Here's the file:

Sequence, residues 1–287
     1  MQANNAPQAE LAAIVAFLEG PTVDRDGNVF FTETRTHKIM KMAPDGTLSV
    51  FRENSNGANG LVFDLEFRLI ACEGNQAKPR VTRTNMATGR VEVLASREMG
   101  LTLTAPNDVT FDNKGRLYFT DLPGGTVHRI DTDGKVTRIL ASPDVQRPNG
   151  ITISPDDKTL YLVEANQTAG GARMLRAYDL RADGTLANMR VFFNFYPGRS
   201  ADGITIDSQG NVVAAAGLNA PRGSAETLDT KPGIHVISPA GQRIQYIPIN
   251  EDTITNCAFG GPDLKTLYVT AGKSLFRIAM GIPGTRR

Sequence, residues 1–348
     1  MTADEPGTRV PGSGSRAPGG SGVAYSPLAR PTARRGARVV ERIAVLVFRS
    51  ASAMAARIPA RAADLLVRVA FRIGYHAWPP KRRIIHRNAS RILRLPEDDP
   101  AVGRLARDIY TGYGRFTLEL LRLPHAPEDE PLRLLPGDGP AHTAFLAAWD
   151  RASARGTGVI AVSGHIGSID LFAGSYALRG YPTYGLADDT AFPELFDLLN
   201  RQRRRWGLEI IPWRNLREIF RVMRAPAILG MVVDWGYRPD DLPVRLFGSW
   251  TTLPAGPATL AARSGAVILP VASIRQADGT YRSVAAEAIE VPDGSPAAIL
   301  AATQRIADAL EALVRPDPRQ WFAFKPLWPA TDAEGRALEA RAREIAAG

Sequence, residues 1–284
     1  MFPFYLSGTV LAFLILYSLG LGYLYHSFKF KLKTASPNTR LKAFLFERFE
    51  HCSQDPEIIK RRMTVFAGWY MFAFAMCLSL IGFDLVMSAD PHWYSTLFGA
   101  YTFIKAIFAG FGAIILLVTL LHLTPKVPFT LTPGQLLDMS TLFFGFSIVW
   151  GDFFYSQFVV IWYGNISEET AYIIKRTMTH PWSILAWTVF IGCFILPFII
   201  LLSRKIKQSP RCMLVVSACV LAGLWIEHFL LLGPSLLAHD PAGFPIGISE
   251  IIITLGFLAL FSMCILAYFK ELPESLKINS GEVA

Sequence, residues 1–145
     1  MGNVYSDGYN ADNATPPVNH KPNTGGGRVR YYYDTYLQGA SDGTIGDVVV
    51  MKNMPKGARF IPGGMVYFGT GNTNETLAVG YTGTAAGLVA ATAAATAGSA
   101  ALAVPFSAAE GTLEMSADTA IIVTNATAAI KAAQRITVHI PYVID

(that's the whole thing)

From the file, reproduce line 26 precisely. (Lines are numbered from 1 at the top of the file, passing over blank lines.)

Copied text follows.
   101  ALAVPFSAAE GTLEMSADTA IIVTNATAAI KAAQRITVHI PYVID